Can imaging replace liver biopsy for NASH diagnosis?

Reuters Health Information: Can imaging replace liver biopsy for NASH diagnosis?

Can imaging replace liver biopsy for NASH diagnosis?

Last Updated: 2015-12-17

By Megan Brooks

NEW YORK (Reuters Health) - Magnetic resonance imaging-based elastrography (MRE) more accurately classifies liver fibrosis and steatosis in patients with nonalcoholic fatty liver disease (NAFLD) than transient elastography (TE), according to a study from Japan.

"In our paper, we have demonstrated that both MRE and TE are useful diagnostic methods for non-alcoholic steatohepatitis (NASH) in comparison to liver biopsy, (but) MRE is more accurate than TE for liver fat content and fibrosis," Dr. Atsushi Nakajima of the Division of Gastroenterology, Yokohama City University Graduate School of Medicine, told Reuters Health by email.

NAFLD, Dr. Nakajima explained, is the most common liver disease worldwide and 20% to 30% of NAFLD will progress to NASH and liver cancer. Liver biopsy is the gold standard diagnostic method for NASH, but is "painful" and costly, requires hospital admission, and may have complications such as bleeding. "To establish a noninvasive and simple diagnostic method for NASH from NAFLD instead of liver biopsy is a very important issue in clinical settings."

With that goal in mind, the research team did a cross-sectional study of 142 Japanese patients with NAFLD identified by liver biopsy and 10 comparable subjects without NAFLD. All 152 were evaluated by TE using the M probe (including controlled attenuation parameter (CAP) measurements), MRI using MRE and proton density fat fraction (PDFF) measurements, and five different clinical scoring systems.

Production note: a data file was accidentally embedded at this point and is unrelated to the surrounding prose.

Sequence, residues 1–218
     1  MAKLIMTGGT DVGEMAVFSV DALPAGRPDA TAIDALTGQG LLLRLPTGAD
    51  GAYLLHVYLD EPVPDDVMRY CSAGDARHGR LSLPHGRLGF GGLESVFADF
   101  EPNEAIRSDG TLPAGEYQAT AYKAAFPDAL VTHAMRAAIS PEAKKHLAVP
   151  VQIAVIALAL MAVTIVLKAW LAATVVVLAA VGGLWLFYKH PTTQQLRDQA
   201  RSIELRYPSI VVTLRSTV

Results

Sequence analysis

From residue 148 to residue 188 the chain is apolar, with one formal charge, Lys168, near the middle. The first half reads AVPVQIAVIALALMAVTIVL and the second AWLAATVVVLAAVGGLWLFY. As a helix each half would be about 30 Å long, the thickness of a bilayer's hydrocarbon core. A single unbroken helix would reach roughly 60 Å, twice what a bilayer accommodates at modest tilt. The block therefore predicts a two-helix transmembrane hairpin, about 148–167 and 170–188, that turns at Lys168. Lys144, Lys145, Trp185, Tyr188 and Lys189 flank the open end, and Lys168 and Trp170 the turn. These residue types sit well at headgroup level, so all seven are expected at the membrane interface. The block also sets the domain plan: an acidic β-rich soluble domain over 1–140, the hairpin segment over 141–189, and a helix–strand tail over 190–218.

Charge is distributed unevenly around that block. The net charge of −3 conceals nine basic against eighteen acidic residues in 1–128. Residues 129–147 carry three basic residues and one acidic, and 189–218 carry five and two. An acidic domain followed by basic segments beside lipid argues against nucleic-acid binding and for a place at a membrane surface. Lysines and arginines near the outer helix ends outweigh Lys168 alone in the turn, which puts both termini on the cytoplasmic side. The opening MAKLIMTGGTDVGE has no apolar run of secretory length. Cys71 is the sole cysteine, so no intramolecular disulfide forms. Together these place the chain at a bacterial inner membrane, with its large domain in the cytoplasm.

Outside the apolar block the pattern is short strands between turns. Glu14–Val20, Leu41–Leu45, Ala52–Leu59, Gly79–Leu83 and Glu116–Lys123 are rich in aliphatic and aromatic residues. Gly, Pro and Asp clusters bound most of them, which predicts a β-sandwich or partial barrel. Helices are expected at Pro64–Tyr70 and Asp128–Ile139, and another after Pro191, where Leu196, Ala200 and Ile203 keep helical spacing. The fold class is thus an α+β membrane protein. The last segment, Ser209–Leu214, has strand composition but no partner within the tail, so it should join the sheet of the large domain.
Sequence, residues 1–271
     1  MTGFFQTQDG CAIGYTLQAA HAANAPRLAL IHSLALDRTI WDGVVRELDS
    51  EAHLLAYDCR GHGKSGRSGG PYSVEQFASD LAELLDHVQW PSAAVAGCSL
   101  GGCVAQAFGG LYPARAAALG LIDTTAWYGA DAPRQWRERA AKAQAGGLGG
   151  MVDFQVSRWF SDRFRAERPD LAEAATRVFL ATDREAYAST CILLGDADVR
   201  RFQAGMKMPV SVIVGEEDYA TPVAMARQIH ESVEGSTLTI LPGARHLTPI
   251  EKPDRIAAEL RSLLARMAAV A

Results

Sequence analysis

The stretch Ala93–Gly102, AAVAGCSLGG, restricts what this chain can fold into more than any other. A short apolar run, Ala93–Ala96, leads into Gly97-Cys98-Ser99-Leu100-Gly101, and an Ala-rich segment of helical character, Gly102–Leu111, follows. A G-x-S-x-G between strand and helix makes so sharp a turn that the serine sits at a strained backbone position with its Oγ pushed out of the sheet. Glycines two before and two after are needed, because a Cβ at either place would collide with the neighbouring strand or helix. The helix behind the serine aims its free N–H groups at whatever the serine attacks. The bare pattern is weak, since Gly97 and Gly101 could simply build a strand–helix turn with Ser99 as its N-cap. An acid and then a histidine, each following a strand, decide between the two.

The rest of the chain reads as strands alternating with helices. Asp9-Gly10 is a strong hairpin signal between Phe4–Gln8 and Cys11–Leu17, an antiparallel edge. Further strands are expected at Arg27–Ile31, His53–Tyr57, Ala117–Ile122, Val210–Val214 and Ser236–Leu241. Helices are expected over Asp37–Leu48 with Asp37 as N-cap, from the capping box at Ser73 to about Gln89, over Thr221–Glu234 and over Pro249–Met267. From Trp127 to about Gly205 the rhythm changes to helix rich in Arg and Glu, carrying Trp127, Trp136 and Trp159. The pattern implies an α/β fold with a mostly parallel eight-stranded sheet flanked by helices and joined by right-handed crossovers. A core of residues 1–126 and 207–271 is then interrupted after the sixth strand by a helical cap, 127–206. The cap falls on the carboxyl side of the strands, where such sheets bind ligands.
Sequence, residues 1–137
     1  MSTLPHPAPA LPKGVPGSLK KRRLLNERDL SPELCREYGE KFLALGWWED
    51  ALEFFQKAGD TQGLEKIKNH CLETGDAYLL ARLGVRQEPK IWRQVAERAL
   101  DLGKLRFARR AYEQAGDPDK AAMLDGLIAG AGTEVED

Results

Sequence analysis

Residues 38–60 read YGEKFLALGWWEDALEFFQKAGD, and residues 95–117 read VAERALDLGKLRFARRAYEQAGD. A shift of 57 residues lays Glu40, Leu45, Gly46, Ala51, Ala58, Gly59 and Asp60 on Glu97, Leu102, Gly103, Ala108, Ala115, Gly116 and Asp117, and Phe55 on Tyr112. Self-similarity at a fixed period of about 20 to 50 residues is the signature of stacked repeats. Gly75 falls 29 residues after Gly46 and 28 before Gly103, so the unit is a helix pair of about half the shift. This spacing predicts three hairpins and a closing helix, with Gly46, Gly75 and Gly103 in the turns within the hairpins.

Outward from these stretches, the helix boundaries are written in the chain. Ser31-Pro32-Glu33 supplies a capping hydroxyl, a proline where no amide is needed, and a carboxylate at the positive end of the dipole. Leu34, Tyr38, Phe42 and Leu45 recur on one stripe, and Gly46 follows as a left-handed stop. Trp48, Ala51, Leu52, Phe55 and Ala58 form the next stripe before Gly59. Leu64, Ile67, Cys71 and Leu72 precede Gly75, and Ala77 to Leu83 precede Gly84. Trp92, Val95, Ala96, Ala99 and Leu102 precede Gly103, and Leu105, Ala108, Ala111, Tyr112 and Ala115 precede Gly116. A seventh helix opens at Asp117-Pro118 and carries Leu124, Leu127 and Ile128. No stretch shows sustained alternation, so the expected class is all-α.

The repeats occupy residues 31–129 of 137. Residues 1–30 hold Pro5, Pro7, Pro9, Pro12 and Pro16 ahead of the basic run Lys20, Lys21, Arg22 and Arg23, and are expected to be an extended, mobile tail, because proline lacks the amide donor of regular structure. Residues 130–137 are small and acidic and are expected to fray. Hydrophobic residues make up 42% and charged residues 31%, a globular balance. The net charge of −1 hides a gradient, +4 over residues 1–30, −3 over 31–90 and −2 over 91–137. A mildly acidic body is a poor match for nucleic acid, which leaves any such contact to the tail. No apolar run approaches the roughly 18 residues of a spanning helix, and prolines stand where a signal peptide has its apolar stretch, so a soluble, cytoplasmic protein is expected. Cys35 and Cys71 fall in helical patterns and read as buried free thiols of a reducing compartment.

"To our knowledge, this is the first study that provides a head-to-head comparison of liver stiffness measurement (LSM) measured using TE and MRE, fat accumulation evaluated using CAP measured by means of TE, and PDFF measured using MRI for liver fibrosis and steatosis in biopsy-proven NAFLD," they point out in Gastroenterology online December 8.

They observed a "significant positive correlation" between LSM obtained using MRE and the severity of liver fibrosis in patients with NAFLD. The diagnostic accuracy of MRE for liver fibrosis was higher than that of clinical scoring systems and TE, they report.

TE identified patients with fibrosis stage >2 with an area under the receiver operating characteristic (AUROC) curve value of 0.82, whereas MRE identified these patients with an AUROC curve value of 0.91 (p<0.001).

TE-based CAP measurements identified patients with hepatic steatosis grade >2 with an AUROC curve value of 0.73, while MRI PDFF methods identified these patients with an AUROC curve value of 0.90 (p<0.001).

Obtaining serum K18 fragments or alanine amino transferase measurements did not add value to TE or MRI in identifying NASH, the researchers say.

They conclude based on their findings that "MRE and PDFF methods have higher diagnostic performance in noninvasive detection of liver fibrosis and steatosis in patients with NAFLD than TE and CAP methods. MRI-based noninvasive assessment of liver fibrosis and steatosis is a potential alternative to liver biopsy in clinical practice."

"Further studies must be conducted to explore the prognostic value of the results of these diagnostic techniques to determine the long-term outcome of patients with NAFLD," they add.

The study had no commercial funding and the authors have no disclosures.

SOURCE: http://bit.ly/1JeOSUn

Gastroenterol 2015.

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